Modia Minotaur

Trawling the airwaves to spare you the agony!

Thursday, August 10, 2006

August 10th: Foiled?

Reports are now coming in that a major terrorist attack has been foiled in Britain. The conspirators allegedly planned to blow up a number of aeroplanes between Britain and the US, using liquid exposives. The explosions were to take place over the Pacific Ocean, to hinder rescue efforts and destroy forensic evidence. Both countries are now on their highest alert since September 11th.

I've mentioned before that I was living in New York on September 11th. When you tell people this, they tend to probe you with slightly indecent fervour, and you tend to react by reeling off a set menu of well-worn anecdotes. After a while, you realise you have two sets of memories - the preserved, varnished and properly
arranged ones, and the ones - much deeper down; emerging much more rarely - that truly represent the real event.

By coincidence, I'm currently studying a course on the public management of crises and disasters and, minutes before reading the website headlines announcing the foiled plot, answered the question `Do you think an attack of the scale of 9/11 could occur again?'

My answer was this. If such an attack did occur, the scale - a difficult thing to quantify - would inevitably tempered by the fact that we are no longer complacent enough not to expect such an attack, as we were on September 11th. When that attack occurred, the sentiment was much like that second set of memories I just mentioned. Should another attack occur, we already have September 11th, branded, transformed into a coherent narrative, and set in its cultural picture frame as a reference point.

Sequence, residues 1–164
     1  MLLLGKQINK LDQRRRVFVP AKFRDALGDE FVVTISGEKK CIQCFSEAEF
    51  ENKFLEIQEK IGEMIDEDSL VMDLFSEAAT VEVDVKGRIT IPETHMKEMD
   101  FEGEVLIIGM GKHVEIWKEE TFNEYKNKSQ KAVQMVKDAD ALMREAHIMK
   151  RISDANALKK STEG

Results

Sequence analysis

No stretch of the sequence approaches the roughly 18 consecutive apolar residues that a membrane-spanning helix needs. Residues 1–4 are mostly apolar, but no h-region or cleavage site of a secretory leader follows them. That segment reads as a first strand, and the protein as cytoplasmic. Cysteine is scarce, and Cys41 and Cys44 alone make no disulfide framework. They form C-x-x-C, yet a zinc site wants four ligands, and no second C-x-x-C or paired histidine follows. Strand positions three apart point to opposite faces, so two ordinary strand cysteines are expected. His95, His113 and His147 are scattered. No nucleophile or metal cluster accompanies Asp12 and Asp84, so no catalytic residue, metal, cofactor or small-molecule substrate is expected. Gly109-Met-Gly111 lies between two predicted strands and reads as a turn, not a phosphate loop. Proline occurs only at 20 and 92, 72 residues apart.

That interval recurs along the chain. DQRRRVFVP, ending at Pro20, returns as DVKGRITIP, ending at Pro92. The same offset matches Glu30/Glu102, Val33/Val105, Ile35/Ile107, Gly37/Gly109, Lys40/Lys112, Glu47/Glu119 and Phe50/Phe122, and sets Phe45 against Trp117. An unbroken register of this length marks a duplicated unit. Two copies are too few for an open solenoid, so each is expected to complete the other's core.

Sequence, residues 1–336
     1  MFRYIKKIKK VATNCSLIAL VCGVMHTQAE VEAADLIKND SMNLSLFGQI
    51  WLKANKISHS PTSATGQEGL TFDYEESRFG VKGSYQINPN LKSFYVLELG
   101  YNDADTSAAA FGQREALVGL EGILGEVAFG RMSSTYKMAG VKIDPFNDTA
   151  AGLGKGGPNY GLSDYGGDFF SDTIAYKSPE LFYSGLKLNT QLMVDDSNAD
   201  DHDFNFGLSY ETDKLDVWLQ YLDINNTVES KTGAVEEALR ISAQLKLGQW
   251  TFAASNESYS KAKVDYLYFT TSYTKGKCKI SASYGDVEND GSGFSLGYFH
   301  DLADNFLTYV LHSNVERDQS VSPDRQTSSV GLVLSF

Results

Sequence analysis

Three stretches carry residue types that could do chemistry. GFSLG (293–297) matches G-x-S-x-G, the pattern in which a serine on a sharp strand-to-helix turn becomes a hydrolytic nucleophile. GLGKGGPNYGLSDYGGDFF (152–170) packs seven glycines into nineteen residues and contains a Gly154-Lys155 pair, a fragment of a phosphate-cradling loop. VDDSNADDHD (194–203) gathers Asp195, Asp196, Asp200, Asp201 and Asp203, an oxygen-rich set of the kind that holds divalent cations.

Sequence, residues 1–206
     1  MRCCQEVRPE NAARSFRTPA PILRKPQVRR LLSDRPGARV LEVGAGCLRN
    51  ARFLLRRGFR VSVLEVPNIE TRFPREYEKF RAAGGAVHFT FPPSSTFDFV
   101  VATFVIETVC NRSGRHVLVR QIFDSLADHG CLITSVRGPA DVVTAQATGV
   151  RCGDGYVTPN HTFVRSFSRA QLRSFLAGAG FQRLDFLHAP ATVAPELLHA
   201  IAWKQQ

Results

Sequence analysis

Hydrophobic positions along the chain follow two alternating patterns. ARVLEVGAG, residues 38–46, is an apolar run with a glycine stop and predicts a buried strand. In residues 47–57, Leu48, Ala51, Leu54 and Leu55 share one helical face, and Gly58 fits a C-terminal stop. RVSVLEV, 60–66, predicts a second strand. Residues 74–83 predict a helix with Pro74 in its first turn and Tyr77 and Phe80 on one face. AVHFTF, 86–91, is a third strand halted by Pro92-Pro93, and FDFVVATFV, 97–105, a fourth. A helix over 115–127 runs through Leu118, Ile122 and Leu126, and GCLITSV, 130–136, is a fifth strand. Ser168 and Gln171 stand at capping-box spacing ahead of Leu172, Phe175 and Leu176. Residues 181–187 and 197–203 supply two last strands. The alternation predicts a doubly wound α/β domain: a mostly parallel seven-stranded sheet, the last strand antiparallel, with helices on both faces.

Given that this sense of rawness could not be replicated - could the change in public sentiment that permitted everything from the wars in Afghanistan and Iraq to the Tampa incident also not be replicated? One thing that I found particularly objectionable following September 11th was the lust for revenge, completely foreign to my understanding of the situation. Would the same feeling emerge if there was another attack in America? Or, realising that nothing that the Coalition of the Willing have done in Iraq or Afghanistan appears to have addressed the factors that caused 9/11 to happen, would the reaction in fact be one of restraint?

This is all in the realms of speculation, of course, but the depth of resentment of the Iraq War has already been demonstrated in the dumping of US senator Joe Lieberman for his pro-Iraq War stance, while few Australians are particularly worried about the notion of the country being over-run by gun-toting terrorists arriving on leaky boats from Indonesia. In any case, I very much hope that events do not test my theories.

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